Council warning over worrying

With lambing season upon us, Armagh City, Banbridge and Craigavon Borough Council is reminding dog owners and walkers to keep control of their dogs when near livestock.
With lambing season upon us, Armagh City, Banbridge and Craigavon Borough Council is reminding dog owners and walkers to keep control of their dogs when near livestock.

Armagh City, Banbridge and Craigavon Borough Council received and investigated 26 complaints of dogs worrying livestock in the area over the period April 2018 to March 2019.

The figure was revealed as the council urged dog owners to keep control of their animals, expecially during lambing season.

Stressing the importance of responsible dog ownership, Lord Mayor of Armagh City, Banbridge and Craigavon, Councillor Mealla Campbell said, “While we know that the vast majority of dogs are well looked after and are friendly, family pets, it should be recognised that it is every dog’s instinct to chase, meaning all dogs have the potential to inflict injury and to worry livestock.

“This worrying of livestock especially sheep during lambing season is a very serious concern for farmers.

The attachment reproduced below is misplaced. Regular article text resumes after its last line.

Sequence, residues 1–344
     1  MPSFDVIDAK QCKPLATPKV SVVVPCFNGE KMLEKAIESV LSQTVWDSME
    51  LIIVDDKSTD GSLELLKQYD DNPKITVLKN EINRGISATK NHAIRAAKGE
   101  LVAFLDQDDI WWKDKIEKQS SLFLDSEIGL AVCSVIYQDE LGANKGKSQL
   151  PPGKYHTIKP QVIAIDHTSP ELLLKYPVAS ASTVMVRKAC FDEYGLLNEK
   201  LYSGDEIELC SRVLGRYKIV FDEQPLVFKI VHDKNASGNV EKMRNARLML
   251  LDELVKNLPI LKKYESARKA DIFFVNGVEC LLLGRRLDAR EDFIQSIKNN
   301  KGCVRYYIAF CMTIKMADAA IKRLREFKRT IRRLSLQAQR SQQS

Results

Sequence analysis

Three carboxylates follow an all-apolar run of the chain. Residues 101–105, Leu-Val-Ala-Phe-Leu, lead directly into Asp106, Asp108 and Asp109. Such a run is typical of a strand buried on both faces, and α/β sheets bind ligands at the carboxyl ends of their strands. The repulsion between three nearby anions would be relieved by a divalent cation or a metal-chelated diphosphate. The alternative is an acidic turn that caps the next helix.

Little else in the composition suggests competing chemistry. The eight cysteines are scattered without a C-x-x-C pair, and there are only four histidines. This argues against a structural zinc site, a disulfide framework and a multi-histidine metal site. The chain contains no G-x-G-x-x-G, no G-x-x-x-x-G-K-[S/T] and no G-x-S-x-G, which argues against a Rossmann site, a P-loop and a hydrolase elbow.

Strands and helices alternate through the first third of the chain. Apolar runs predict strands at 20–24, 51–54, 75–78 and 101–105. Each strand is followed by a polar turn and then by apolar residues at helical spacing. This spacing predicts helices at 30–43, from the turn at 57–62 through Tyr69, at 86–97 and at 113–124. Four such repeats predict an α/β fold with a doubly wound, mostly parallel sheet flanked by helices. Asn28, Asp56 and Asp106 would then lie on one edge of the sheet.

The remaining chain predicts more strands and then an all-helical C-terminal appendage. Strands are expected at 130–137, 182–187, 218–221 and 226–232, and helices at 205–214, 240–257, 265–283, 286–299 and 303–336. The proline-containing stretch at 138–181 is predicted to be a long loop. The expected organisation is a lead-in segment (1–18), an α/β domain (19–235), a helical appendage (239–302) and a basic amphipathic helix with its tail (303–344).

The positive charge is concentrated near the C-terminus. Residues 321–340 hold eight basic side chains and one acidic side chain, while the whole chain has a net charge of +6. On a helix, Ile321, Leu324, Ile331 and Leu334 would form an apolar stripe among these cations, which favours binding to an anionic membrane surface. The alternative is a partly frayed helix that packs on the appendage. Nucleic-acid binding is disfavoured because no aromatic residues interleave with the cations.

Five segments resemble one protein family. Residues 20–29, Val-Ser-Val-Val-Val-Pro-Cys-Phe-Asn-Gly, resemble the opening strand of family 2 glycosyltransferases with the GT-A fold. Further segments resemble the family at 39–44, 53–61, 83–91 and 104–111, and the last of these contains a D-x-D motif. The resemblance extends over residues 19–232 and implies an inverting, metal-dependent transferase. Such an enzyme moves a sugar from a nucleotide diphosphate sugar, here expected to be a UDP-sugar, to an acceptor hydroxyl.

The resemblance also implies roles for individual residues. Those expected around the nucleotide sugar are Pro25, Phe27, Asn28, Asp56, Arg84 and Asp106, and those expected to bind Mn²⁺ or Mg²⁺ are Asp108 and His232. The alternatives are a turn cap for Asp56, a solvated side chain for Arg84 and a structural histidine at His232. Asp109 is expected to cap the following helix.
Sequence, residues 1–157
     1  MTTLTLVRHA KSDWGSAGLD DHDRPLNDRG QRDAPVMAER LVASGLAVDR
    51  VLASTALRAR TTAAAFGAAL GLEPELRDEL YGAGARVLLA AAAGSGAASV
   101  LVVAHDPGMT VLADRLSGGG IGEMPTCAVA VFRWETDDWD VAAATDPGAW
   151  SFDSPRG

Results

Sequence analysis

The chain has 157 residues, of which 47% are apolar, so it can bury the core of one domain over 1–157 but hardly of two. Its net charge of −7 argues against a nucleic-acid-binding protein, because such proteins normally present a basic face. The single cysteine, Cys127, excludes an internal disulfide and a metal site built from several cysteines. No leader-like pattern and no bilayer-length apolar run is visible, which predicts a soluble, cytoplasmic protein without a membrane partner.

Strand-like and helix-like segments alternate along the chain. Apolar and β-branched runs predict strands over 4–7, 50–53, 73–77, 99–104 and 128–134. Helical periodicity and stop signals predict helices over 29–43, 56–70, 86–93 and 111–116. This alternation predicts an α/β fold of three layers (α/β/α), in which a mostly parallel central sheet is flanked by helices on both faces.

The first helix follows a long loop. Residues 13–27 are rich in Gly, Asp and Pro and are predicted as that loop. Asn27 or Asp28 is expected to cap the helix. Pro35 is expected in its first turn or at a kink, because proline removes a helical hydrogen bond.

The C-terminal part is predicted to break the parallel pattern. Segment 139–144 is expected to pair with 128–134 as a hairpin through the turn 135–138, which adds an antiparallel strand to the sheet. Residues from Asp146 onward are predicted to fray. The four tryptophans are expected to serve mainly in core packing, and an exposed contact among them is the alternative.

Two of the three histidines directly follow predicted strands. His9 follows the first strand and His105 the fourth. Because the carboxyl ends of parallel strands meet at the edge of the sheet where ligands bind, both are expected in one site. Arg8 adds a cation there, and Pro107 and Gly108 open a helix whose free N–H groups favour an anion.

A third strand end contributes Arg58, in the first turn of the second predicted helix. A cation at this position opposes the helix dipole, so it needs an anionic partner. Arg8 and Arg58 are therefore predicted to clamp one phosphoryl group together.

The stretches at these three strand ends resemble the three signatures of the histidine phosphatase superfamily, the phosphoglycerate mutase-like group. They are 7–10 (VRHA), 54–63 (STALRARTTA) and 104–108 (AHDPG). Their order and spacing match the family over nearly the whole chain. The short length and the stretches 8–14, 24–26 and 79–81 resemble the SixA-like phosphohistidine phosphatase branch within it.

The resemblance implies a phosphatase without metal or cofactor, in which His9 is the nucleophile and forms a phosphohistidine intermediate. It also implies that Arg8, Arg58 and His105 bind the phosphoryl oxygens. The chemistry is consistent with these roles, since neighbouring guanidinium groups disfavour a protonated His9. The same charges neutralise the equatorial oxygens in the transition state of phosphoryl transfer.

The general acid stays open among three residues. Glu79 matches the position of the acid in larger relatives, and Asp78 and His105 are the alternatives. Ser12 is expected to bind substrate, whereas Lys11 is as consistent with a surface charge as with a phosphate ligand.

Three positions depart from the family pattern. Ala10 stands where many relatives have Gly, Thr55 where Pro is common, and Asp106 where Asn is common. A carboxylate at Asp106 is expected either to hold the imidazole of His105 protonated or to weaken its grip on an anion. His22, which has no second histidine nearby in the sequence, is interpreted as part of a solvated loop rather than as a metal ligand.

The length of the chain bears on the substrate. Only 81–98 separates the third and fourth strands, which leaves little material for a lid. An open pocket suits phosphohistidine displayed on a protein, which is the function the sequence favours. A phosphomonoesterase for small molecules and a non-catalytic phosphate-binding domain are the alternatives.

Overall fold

“We urge dog owners to always act responsibly by keeping their dog under control.”

The council has also pointed out that whilst the worrying of livestock can involve attacking or killing, it also includes the chasing of sheep or cattle.

Chasing by dogs can do serious damage to livestock, even if the dog does not catch them.

The stress of worrying by dogs can cause sheep to die and pregnant ewes to miscarry their lambs causing financial loss to a farmer.

This financial cost involved can be substantial, with the loss of valuable stock, veterinary care, abortions in attacked and frightened animals and damage to property.

Unaccompanied dogs and dogs not under control can be involved in livestock worrying incidents.

The council has also reminding dog owners to act responsibly and ensure their dog is under control at all times and in particular kept secure at night.

The council has the authority to seize any dog (of any type and breed) suspected of being involved in worrying or attacking livestock.

Owners may be prosecuted for any offences and a court may order the dog to be destroyed.

A civil case may also be brought by the farmer for any financial loss suffered.

ABC Council says it responds to all incidents of dog worrying or attacks.

Anyone who witnesses a dog worrying or attacking livestock is encouraged to report this by telephoning 0300 0300 900.